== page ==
failed to materialize as the Wild-
cat five worked with its usual pre-
Volleyball Cro wn
Zeta Beta Tau won the so-
cial fraternity volley ball title
Friday by blanking defending
champion Sigma Phi Epsilon,
For ZBT it was sweet revenge
over a Sig Ep team that elim-
inated the new champs in last
season's volleyball final. Star-
ring for the victors were Dick
Klien, Morris Weiss, and Larry
FPE at fischers
body contouring massages and steam baths,
Phone NO 2-6428 for information or appointment.
OPEN EVENINGS FOR APPOINTMENTS
K& R.J2 Health Studios
422 Hamilton Place
for particular men
CREW-CUTS FLAT TOPS
N EW-YORK ERS
The Dascola Barbers
Near Michigan Theater
Special Dry Skin Mixture
$4 size.....1.75* 2.25 size. ... .$1*
Cellogen Hormone Cream, $5 size. .2.50'
Hormone Hand Cream, 2.50 size...1.25*
Three of your favorite aids to skin beauty
at prices way below regular! Special Dry.
Skin Mixture is ideal as a night cream;
Cellogen Hormone Cream helps counter.
act dryness; Hormone Hand Cream cart
keep hands soft and smooth even in Win.
ter weather. Stock up now on each one!
Sunday Night Supper Club
ao 6:00 P.M.
Menu: Noodle soup, corned beef sandwiches, a vegetable,
potato chips, hot or cold tea
Price-75c for members . .. $1 for non-members
1429 HILL STREET
Relax to the Music
BLUE BOOK BALL
Saturday, January 16, 9 P.M.
*prices plus 2aFederal tax
_ _ _______
1 - ---
L scRT AT -FT
L ~ BEYATFFHAE
'/2 OF F
Underdog North Edges South,
20-14 In Senior Bowl Clash
STATIONERY CLOSE OUTS
1216 South University Phone NO 3-4436
AT THE SIGN
OF THE TWIN PINES
MOBILE, Ala.-(A)-An under-
dog North team, fired ty the pass-
ing of Northwestern's Dick Thom-
as and the running of Villanova's
galloping Gene Filipski and Ralph'
Felton of Maryland, upset a pass-'
minded South team, 20-14, yester-
day in the Senior Bowl football
Zeke Bratkowski, the nation's
number two passer from Georgia,
strove mightily to keep Steve
Owen's Southern forces in the
game with his bullet tosses. But
the South couldn't match the su-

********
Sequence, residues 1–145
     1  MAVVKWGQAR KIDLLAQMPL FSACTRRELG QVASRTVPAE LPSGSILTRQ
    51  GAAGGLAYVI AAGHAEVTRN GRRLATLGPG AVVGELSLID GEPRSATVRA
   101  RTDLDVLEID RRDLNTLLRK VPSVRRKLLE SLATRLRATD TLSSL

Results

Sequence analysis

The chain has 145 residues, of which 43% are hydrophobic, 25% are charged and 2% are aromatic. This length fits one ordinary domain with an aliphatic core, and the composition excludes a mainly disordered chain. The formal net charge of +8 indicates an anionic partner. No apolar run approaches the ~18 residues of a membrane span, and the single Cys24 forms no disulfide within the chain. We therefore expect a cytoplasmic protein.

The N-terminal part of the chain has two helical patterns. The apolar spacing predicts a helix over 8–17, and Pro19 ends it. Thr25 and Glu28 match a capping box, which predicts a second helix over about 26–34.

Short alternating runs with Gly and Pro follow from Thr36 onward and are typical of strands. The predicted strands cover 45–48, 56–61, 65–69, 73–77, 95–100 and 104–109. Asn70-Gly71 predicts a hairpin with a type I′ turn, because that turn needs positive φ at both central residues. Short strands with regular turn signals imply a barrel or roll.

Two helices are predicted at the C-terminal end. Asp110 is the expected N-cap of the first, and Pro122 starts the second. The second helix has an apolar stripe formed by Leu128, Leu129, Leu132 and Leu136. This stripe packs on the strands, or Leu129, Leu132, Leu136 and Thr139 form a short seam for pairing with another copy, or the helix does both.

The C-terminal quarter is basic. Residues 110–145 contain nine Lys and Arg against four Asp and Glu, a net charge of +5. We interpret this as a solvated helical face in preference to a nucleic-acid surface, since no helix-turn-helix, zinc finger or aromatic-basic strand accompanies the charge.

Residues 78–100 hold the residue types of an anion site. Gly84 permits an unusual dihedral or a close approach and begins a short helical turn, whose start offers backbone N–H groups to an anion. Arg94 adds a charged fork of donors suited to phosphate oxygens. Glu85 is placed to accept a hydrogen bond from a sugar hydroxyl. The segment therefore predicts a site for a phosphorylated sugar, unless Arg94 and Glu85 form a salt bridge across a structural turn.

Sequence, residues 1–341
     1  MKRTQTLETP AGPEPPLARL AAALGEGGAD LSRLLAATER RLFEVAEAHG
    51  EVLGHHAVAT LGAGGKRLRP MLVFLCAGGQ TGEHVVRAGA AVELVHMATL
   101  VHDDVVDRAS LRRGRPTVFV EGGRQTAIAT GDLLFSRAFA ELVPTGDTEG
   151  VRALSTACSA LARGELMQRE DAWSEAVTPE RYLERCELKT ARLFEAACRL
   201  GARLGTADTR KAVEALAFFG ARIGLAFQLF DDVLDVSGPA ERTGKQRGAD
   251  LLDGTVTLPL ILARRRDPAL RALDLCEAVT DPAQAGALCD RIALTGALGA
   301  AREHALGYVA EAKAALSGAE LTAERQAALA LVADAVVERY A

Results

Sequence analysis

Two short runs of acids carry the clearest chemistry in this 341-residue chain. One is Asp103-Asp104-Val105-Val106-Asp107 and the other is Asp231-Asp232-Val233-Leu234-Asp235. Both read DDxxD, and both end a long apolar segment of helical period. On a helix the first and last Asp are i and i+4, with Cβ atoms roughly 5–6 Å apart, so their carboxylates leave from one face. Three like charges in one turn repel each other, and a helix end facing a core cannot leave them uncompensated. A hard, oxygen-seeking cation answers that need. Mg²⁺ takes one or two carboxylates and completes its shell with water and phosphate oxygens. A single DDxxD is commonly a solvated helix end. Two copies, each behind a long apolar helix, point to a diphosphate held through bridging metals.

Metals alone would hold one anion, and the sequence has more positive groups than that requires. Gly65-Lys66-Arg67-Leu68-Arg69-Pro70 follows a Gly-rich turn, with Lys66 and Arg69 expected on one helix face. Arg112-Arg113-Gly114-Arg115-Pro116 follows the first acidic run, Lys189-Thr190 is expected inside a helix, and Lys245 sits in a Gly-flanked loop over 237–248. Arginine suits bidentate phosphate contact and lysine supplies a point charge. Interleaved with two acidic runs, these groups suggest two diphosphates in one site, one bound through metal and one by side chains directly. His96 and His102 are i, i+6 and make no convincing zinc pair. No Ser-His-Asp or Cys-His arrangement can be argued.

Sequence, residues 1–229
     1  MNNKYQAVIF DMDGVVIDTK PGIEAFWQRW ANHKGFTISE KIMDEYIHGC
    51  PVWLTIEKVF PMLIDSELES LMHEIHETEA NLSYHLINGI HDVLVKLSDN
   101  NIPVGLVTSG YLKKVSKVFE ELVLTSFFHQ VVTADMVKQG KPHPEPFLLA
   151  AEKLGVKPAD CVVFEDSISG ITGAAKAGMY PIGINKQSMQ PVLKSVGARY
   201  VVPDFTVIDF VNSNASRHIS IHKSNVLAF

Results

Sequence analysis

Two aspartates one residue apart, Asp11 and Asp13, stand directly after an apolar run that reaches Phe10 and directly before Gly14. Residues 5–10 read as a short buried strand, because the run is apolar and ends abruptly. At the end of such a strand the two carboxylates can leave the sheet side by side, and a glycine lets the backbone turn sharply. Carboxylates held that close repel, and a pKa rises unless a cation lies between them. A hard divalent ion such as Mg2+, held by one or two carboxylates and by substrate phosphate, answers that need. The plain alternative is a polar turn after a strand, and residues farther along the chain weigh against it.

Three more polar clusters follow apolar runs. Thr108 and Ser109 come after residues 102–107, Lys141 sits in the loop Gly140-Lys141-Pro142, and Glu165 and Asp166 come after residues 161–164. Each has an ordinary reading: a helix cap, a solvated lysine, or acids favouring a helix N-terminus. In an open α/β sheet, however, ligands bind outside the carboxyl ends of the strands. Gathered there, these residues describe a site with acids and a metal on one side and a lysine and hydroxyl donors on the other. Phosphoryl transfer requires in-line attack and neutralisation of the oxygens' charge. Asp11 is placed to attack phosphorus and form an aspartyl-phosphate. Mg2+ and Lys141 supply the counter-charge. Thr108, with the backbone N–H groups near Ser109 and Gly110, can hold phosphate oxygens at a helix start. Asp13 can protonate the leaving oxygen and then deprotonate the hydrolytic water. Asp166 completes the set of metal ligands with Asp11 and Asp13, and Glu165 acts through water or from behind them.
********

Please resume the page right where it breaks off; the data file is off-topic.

perior running and defense of Paul
Brown's North team.
* * '*
THOMAS, who ranked 10th na-
tionally in passing, tossed a 63-
yard touchdown pass to John Ry-
an of Illinois, scored once him.
self on a quarterback sneak from
three inches out, and started an-
other touchdown drive with a 19-
yard screen pass to Felton.
One of the bright spots in the
South's backfield was the run-
ning of Tommy Lewis, the Ala-
bama fullback who gained na-
tionwide publicity by making an
off-the-bench tackle of Rice's
Dick Moegle in the Cotton Bowl.
His 26-yard end run sparked the
South's first touchdown drive.
Bratkowski brought the crowd
of 28,174 to its feet time after
time with his long passes.
if you are
please notify the
Who lives at the sign of the
Men and women students on the
undergraduate and graduate level,
Americans and foreign students,
live in the six houses on campus
that display a twin pine symbol.
The pines are the symbol of the
American Cooperative Movement
and the houses are student co-ops.
Who Owns and'Manages Each
Each student who joins co-ops
becomes part owner and manager
of the house in which he lives.
Just as any owner proud of his
property he helps to plan and
cook the meals, choose a new
couch for the living room or help
decide on the color of the paint
to be used in the hall.
And, if the co-oper is a par-
ticularly consciencious proprietor,
who helps to keep his house run-
ning at a top level of efficiency,
he and his housemates may be
rewarded at the end of the semes-
ter with a cash dividend derived
from savings on the cost of oper-
ating the house.
How Much Time Does a Co-op
Member Spend on House Duties?
A co-oper is primarily a student.
The scholastic level in co-ops is
usually high. Each co-op mem-
ber, therefore tries to learn'to run
his house in the most efficient,
most time saving wav nossible, so
On the average the rate for
room and board comes to about
$12 a week.
This rate is about /3 less than
that of any other housing unit
Do Co-ops Have Boarders?
Each co-operative house has
some facilities for boarders. Board-
ers are full members of the house
and may use all facilities.
Each boarder pays about $8
weekly-and contributes approxi-
mately four hours of work.
Who Is Eligible to Join Co-ops?
U. of M. co-ops accept appli-
cants strictly on the basis of the
order in which they apply.
There is absolutely no discrim-
ination because of religion, race or
One of the co-op houses on cam-
pus has even made special ar-
rangements to accommodate stu-
dents with certain religious dietary
What Sort of People
Live in Co-ops?
Members of S.L., Daily Editors,
stars of University dramatic pro-
ductions, Hopwood winners as well
as people who do not care to par-
ticipate in campus activities have
lived in co-op.
In co-ops no pressure is put on
any member to conform to a norm
of participation in activities or a
°. ° ''
\ f "
Il START THE NEW YEAR RIGHT! II